You can take photographs of today’s solar eclipse with your iPhone without having to buy a special solar filter to protect the lens, a company spokesperson recently told USA Today.

“You could point your iPhone at the sun right now to take photos and the camera’s sensor and the lens would not be damaged. and the same is the case for the solar eclipse,” the article quotes Apple as saying.

Wearing a special solar eclipse glasses during today’s event is necessary in order to protect one’s eyesight from the extreme harshness of the light. However, you won’t have to tap a solar filter over the lens because you’ll be looking at the images of the eclipse on the screen.

Focal lengths between 400-800mm are recommended for NASA-like shots. But the iPhone camera is a 28mm wide angle so the sun itself will be a very minor object in your photos.

DOWNLOAD NOW: Solar eclipse wallpapers for your iPhone

Still, folks using larger cameras such as Canon or Nikon DSLR and a large zoom “would run into trouble”, says Apple, because of the huge multiplication factor hitting the big lens.

In case you’ve been sleeping under a rock lately, a total solar eclipse will be crossing from coast-to-coast in the US later today. It is expected to be the most viewed eclipse in history.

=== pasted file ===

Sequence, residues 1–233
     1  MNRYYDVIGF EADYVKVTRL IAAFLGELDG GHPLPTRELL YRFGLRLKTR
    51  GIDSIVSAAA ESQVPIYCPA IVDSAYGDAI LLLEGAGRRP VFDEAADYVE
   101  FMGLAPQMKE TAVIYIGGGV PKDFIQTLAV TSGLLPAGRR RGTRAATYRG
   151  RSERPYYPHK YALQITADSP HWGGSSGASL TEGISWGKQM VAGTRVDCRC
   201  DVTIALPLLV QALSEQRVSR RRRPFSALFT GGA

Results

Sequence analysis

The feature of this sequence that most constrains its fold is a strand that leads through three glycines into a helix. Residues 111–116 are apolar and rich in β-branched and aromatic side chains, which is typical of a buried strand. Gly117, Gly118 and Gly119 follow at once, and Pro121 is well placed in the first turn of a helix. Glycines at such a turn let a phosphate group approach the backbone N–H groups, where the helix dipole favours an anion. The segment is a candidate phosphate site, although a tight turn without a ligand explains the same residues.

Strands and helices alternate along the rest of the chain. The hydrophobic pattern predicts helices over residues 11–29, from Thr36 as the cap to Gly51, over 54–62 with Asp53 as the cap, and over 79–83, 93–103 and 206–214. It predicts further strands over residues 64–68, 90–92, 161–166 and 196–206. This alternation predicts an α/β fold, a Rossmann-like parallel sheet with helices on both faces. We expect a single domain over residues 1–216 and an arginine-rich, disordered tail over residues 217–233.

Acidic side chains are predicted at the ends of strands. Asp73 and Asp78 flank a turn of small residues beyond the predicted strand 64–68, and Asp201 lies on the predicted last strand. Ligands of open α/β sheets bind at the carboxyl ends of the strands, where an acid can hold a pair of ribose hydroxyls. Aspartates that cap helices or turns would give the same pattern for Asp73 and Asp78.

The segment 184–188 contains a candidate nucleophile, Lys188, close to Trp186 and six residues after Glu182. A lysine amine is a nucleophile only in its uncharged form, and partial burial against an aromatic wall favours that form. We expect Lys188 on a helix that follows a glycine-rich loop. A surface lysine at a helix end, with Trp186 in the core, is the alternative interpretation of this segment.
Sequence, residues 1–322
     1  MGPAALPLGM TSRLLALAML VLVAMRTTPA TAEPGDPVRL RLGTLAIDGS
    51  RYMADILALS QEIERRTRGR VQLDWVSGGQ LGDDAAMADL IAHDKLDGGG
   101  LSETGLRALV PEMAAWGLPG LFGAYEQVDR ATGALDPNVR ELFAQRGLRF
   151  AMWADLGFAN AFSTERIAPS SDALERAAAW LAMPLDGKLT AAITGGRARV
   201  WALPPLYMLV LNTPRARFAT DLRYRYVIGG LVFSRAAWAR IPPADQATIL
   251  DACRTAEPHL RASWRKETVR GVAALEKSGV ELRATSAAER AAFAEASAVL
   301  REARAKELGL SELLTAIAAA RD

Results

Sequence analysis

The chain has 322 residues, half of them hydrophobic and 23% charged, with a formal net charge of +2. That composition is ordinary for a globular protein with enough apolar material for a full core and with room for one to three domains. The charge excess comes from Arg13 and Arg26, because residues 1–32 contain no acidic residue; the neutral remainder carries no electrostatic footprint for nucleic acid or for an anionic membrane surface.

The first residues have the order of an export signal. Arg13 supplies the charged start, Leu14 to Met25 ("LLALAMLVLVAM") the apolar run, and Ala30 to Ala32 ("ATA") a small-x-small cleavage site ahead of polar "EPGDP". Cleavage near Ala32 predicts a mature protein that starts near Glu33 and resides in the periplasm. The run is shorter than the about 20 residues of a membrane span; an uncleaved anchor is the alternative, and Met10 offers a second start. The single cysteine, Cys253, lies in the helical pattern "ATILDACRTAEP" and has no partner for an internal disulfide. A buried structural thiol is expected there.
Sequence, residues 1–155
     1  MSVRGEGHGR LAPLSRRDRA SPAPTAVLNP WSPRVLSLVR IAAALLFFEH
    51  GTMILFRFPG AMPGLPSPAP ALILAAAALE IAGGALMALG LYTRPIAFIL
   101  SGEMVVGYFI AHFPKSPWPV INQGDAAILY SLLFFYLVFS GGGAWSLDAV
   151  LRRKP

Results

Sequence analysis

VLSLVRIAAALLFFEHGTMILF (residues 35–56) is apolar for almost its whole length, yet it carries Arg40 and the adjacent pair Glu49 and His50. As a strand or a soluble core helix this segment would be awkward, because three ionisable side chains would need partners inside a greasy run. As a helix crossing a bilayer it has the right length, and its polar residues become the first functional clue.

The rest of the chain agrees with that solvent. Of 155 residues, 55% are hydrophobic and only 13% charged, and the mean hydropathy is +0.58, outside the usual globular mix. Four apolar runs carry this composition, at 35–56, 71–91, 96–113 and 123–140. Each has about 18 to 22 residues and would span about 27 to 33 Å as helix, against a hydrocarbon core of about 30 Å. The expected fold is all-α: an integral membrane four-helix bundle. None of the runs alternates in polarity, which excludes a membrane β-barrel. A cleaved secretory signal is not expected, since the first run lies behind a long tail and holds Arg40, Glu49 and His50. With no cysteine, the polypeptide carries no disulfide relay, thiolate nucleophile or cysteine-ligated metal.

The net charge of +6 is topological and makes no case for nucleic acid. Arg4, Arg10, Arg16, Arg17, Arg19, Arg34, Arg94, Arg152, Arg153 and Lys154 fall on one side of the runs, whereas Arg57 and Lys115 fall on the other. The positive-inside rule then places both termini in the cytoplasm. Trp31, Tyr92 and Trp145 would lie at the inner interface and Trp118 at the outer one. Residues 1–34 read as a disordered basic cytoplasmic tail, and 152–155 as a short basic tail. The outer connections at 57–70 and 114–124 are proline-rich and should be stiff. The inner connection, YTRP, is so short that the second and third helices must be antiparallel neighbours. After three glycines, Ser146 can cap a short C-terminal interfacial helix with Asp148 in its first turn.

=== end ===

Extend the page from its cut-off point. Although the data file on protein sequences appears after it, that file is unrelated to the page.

Such an event could look especially cool with time-lapse photography, available from the stock Camera app on your iPhone. Simply leave the camera running for a good ten minutes before totality and ten minutes after for a nicely sped-up time-lapse video.

If you’ll be taking photos of today’s event with your iPhone, are you going to do so using a solar filter or not? Let us know in the comments.

  • Ricky

    What wallpaper is in the cover photo for this article?

  • John

    I took a few photos of the eclipse with my iPhone. Using a spare pair of Eclipse glasses that I had just barely made it visible!

  • Mikasa Ackerman

    You were NOT able to just point your camera at the sun and take a picture. Article writer was a BUFFOON. You still needed the eclipse film over your camera to see.